11 Other Ways to Say “Please See Attached”

Are you writing an email and wondering how to direct someone to your attachment? “Please see attached” seems like the best choice, but there are some great alternatives out there.

This article will explore some of the best choices for what to say instead of “please see attached.”

Other Ways to Say “Please See Attached”

  • You can find the attached
  • I’ve attached
  • Review the attached
  • Refer to the attached
  • Direct attention to attached
  • Read through the attached
  • Attached, you’ll find
  • I have sent
  • Check the attachment
  • Find it in the attachment
  • In the attachment, you will find


  • “Please see attached” is very popular and grammatically correct.
  • To mix up your formal emails, you could use “you can find the attached” if you don’t want to sound repetitive.
  • “I’ve attached” is a better choice if you’re trying to sound more conversational.

It would help to keep reading through to learn the best ways to implement what to say instead of “please see attached.” We’ll share some useful examples to give you a clearer idea.

If you want to learn whether “please see attached” is correct, you can skip to the final section. It will teach you everything you need to know.

You Can Find the Attached (Formal)

“You can find the attached” is a great example of how to say “please see attached” professionally. You do not have to include “please” every time you refer someone to an attachment.

Replacing “see” with “find” allows the recipient to look for the attached file. While locating an attachment is quite easy, “find” implies that an action must be taken (i.e. clicking on the file) rather than just “seeing” it.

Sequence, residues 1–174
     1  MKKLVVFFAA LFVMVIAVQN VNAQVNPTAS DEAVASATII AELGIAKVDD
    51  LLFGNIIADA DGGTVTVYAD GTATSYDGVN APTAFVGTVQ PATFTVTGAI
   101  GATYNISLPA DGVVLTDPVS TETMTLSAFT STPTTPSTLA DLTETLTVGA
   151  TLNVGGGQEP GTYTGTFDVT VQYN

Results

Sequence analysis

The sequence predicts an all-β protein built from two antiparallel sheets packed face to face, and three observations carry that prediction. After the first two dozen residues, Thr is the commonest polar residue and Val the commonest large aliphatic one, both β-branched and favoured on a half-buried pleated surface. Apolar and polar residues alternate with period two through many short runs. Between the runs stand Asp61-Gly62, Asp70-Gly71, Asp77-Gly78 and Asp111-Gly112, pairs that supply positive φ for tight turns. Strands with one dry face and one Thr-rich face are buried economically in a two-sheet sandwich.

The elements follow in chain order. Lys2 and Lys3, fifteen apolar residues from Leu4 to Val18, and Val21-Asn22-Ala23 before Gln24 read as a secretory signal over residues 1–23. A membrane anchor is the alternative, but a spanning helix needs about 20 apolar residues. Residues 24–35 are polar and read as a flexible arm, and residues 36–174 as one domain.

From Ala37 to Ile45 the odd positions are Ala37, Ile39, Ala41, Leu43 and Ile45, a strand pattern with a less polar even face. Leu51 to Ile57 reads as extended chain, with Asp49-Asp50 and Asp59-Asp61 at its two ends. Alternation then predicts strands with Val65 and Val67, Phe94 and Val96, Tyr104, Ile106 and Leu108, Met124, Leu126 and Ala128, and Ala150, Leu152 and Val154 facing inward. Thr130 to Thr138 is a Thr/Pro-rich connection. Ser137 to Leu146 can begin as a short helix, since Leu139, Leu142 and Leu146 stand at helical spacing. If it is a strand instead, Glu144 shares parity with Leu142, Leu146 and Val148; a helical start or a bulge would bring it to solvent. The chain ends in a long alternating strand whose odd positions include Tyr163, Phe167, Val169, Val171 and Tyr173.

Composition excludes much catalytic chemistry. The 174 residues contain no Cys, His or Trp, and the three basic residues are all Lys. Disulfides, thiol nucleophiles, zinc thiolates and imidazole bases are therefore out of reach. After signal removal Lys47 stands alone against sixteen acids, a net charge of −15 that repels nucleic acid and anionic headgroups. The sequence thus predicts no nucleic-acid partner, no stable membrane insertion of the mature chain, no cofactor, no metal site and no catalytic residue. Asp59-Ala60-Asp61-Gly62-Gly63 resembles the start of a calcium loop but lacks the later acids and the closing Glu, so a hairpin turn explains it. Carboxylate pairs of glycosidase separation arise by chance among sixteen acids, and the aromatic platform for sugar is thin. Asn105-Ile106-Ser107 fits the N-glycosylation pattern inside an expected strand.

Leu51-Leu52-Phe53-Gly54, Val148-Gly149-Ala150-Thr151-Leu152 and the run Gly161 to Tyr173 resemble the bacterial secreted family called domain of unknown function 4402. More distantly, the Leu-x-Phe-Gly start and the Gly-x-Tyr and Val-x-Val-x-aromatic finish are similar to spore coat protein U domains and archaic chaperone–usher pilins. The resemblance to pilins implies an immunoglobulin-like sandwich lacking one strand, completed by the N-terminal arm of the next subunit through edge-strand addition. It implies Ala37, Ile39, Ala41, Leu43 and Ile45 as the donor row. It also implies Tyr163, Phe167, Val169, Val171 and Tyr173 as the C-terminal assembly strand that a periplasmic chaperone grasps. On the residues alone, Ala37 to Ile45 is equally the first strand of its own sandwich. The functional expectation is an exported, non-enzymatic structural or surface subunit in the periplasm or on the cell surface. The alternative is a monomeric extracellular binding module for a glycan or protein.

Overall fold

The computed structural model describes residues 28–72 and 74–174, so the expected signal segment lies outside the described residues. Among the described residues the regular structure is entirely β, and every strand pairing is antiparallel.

“Please see attached” and “you can find the attached” are about equal in terms of their impact on formal emails. You can choose either phrase, meaning you can switch between them from email to email. Thereby, your writing will stay fresh and easy to read for recipients.

Here’s an email example to help you:

Dear Abbie,

You can find the attached documents that you requested. I hope this still works for you.

Kindest regards,

I’ve Attached (Informal)

You could use “I’ve attached” in a business email if you’re looking for a more conversational tone. Knowing how to send a professional email with an attachment is great, but adding a personal flair to it can make your email even better.

We recommend using the simpler “I’ve attached” when messaging coworkers you’re fond of. If you have a close relationship with your coworkers, “I’ve attached” adds a much clearer conversational tone to your writing.

However, it’s not always effective. We don’t think it’s a good idea to use “I’ve attached” instead of “please see attached” when giving information to employees.

If you’re the boss, you should appear confident, respectful, and clear. “Please see attached” demonstrates this, but “I’ve attached” does not.

This email example will give you more information:

Dear Kristof,

Thank you for the email. I’ve attached the file, which should give you the rundown.

Best wishes,

Is It Correct to Say “Please See Attached”?

“Please see attached” is polite, formal, and acceptable in most written cases. You can use it when directing someone’s attention to a file that you have attached to an email.

It’s also fairly common to include the type of file you have attached to your email or letter. For example:

  • Please see attached file
  • Please see attached invoice
  • Please see attached letter
  • Please see attached document

We encourage you to keep “please” in the phrases and variations. “Please see attached” is much more polite than “see attached.” It shows that you’re requesting someone’s attention.

Also, you may see one of the following appear in formal emails:

  • Please see attached file
  • Please see the attached file

“The” sometimes appears between “see attached.” Overall, the phrases are identical in meaning. However, using “the” between “see attached” shows that you have a specific file in mind (often implying you’ve only attached one thing for the recipient to look at).

Hopefully, that’s cleared up any questions you might have had about using “please see attached.” You can always come back to this page at a later time when you need a refresher!